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Cell Host Microbe. 2019 Feb 13;25(2):324-335.e4. doi: 10.1016/j.chom.2019.01.011.

Composition and Variation of the Human Milk Microbiota Are Influenced by Maternal and Early-Life Factors.

Author information

1
Medical Microbiology and Infectious Diseases, University of Manitoba, Winnipeg, MB, Canada; Children's Hospital Research Institute of Manitoba, Pediatrics and Child Health, Winnipeg, MB, Canada; Developmental Origins of Chronic Diseases in Children Network (DEVOTION), Winnipeg, MB, Canada; Digestive Oncology Research Center, Digestive Disease Research Institute, Tehran University of Medical Sciences, Tehran, Iran.
2
Children's Hospital Research Institute of Manitoba, Pediatrics and Child Health, Winnipeg, MB, Canada.
3
Pediatrics, University of California, San Diego, La Jolla, CA, USA.
4
Pediatrics, University of California, San Diego, La Jolla, CA, USA; Larsson-Rosenquist Foundation Mother-Milk-Infant Center of Research Excellence, University of California, San Diego, La Jolla, CA, USA.
5
Agricultural Food, and Nutritional Science, University of Alberta, Edmonton, AB, Canada.
6
Community Health Sciences, University of Manitoba, Winnipeg, MB, Canada.
7
Clinical Epidemiology and Biostatistics, McMaster University, Hamilton, ON, Canada; Nutritional Sciences, University of Toronto, Toronto, ON, Canada; Li Ka Shing Knowledge Institute, St. Michael's Hospital, Toronto, ON, Canada.
8
Children's Hospital Research Institute of Manitoba, Pediatrics and Child Health, Winnipeg, MB, Canada; Developmental Origins of Chronic Diseases in Children Network (DEVOTION), Winnipeg, MB, Canada.
9
Pediatrics, University of Alberta, Edmonton, AB, Canada.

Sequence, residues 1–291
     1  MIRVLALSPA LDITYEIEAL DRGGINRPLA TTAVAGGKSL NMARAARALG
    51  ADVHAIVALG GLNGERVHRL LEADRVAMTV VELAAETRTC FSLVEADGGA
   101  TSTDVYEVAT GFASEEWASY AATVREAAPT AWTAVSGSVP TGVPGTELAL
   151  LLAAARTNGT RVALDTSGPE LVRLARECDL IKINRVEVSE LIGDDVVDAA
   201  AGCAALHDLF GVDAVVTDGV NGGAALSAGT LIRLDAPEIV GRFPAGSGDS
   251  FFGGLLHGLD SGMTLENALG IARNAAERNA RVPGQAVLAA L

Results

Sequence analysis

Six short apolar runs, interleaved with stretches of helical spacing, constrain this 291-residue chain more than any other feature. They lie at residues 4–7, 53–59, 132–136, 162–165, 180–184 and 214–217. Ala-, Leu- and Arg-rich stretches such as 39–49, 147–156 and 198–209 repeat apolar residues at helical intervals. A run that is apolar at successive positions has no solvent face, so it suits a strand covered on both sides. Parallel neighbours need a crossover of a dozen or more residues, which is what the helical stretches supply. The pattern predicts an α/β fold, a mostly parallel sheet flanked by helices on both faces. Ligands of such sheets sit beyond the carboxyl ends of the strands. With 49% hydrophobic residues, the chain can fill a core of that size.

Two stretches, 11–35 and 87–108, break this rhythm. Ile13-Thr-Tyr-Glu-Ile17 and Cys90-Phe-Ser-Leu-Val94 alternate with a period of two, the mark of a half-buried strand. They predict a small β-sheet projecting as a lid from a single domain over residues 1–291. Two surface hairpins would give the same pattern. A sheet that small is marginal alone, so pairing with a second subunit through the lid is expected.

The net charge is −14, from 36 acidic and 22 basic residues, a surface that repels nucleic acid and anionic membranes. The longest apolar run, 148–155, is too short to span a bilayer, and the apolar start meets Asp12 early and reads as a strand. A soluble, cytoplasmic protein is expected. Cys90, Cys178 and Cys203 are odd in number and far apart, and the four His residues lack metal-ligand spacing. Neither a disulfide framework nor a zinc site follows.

10
Pediatrics, University of British Columbia, Vancouver, BC, Canada.
11
Division of Respiratory Medicine, Pediatrics, Hospital for Sick Children, University of Toronto, Toronto, ON, Canada; Physiology, University of Toronto, Toronto, ON, Canada.
12
Division of Respiratory Medicine, Pediatrics, Hospital for Sick Children, University of Toronto, Toronto, ON, Canada.
13
Medicine, McMaster University, Hamilton, ON, Canada.
14
Children's Hospital Research Institute of Manitoba, Pediatrics and Child Health, Winnipeg, MB, Canada; Animal Science, University of Manitoba, Winnipeg, MB, Canada.
15
Children's Hospital Research Institute of Manitoba, Pediatrics and Child Health, Winnipeg, MB, Canada; Developmental Origins of Chronic Diseases in Children Network (DEVOTION), Winnipeg, MB, Canada. Electronic address: meghan.azad@umanitoba.ca.

Abstract

Breastmilk contains a complex community of bacteria that may help seed the infant gut microbiota. The composition and determinants of milk microbiota are poorly understood. Among 393 mother-infant dyads from the CHILD cohort, we found that milk microbiota at 3-4 months postpartum was dominated by inversely correlated Proteobacteria and Firmicutes, and exhibited discrete compositional patterns. Milk microbiota composition and diversity were associated with maternal factors (BMI, parity, and mode of delivery), breastfeeding practices, and other milk components in a sex-specific manner. Causal modeling identified mode of breastfeeding as a key determinant of milk microbiota composition. Specifically, providing pumped breastmilk was consistently associated with multiple microbiota parameters including enrichment of potential pathogens and depletion of bifidobacteria. Further, these data support the retrograde inoculation hypothesis, whereby the infant oral cavity impacts the milk microbiota. Collectively, these results identify features and determinants of human milk microbiota composition, with potential implications for infant health and development.

KEYWORDS:

CHILD Study; breastfeeding; breastmilk; human milk; infant; microbiome; microbiota; mode of breastfeeding; nutrition

PMID:
30763539
DOI:
10.1016/j.chom.2019.01.011

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